Capacity Limits... in the winter

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storewanderer
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Re: Capacity Limits... in the winter

Post by storewanderer »

Alpha8472 wrote: November 21st, 2020, 4:07 pm
California ski resorts have no restrictions. A friend of mine said she was going to Lake Tahoe and the mountains yesterday. The ski resorts must be packed today.
There are actually a lot of restrictions at CA ski resorts. Most resorts opened this week or will open next weekend. Some like Northstar are on a "reservation" system. Bars and indoor dining areas are closed or "to go" only. Common areas in the lodges, etc. are either closed or at very limited capacity. Some resorts are not allowing walk-up ticket sales (you either buy your pass in advance or you don't go) to try to control capacity. The few resorts open today were not by any means packed. Next week may be a different story, to the point the capacity limits the resorts have established allow.

The bigger risk I see for ski resorts is the risk of COVID among the staff members. Ski resort staff often live in close quarters in dorm-like housing units at or near the resorts. Have a COVID outbreak among your staff, which is already tough to come by for a ski resort, and then what?

Alpha8472
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Re: Capacity Limits... in the winter

Post by Alpha8472 »

My mistake. I think that the problem is that there is a lot of misinformation spreading around regarding ski resorts. There are a lot of people who think that ski resorts are not subject to COVID closures which is why so many people are flocking to the ski resorts once they heard that a curfew was starting this weekend.

Ski resorts are really going to be hotspots for COVID cases. The employees will be spreading it to customers and then the customers will spread it once they go back home. It is going to be a mess. The scary part is that when you are in your hotel rooms, could the coronavirus be spread through the ventilation systems? Those people on the cruise ships caught coronavirus due to the air conditioning systems recirculating the air between rooms.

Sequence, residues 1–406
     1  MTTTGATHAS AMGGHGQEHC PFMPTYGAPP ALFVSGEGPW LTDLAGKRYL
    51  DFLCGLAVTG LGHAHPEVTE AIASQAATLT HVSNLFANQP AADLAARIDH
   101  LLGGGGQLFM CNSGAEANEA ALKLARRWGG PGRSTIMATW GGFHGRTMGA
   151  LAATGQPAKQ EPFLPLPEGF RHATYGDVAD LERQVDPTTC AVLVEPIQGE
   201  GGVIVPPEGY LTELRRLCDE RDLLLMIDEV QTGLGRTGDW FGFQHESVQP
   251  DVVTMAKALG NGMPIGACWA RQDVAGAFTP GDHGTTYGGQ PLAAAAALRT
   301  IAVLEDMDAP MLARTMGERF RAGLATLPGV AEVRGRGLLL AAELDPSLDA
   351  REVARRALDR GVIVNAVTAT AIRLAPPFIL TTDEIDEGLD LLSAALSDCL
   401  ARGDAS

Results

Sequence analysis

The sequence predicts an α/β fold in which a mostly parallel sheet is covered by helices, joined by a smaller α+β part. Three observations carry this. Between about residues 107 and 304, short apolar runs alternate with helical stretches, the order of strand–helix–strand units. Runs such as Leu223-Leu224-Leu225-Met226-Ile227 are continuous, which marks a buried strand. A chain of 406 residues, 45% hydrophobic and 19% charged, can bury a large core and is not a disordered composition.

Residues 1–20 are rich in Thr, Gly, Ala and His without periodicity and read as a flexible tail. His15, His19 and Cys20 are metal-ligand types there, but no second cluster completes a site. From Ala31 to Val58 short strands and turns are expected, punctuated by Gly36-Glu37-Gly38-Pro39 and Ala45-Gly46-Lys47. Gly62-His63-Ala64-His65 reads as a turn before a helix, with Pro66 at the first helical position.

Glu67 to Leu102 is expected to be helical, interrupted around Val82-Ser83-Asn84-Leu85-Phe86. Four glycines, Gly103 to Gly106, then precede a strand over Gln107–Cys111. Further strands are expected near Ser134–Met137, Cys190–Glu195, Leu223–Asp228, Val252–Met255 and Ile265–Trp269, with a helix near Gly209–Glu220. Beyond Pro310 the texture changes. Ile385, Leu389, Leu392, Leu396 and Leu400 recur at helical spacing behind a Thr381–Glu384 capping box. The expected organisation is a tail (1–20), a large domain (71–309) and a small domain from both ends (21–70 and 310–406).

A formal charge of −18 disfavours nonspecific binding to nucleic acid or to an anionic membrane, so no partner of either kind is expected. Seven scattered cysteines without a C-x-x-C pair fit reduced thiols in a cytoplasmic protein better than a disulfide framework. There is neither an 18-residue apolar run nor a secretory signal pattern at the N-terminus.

Golden Gate Fields Horse Track is home to 400 groomers and trainers who live and work at the horse racing track. Two hundred out of 400 workers have tested positive for coronavirus. They live in crowded conditions above the stables and you can see them when you drive down the freeway. This is very similar to the living conditions at ski resorts. That is a 50 percent positivity rate. Can you imagine that every other employee is carrying the virus? Capacity limits and restrictions for customers will do nothing if the employees are not subjected to capacity limits on their living conditions.

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Re: Capacity Limits... in the winter

Post by storewanderer »

Alpha8472 wrote: November 21st, 2020, 9:45 pm My mistake. I think that the problem is that there is a lot of misinformation spreading around regarding ski resorts. There are a lot of people who think that ski resorts are not subject to COVID closures which is why so many people are flocking to the ski resorts once they heard that a curfew was starting this weekend.

Ski resorts are really going to be hotspots for COVID cases. The employees will be spreading it to customers and then the customers will spread it once they go back home. It is going to be a mess. The scary part is that when you are in your hotel rooms, could the coronavirus be spread through the ventilation systems? Those people on the cruise ships caught coronavirus due to the air conditioning systems recirculating the air between rooms.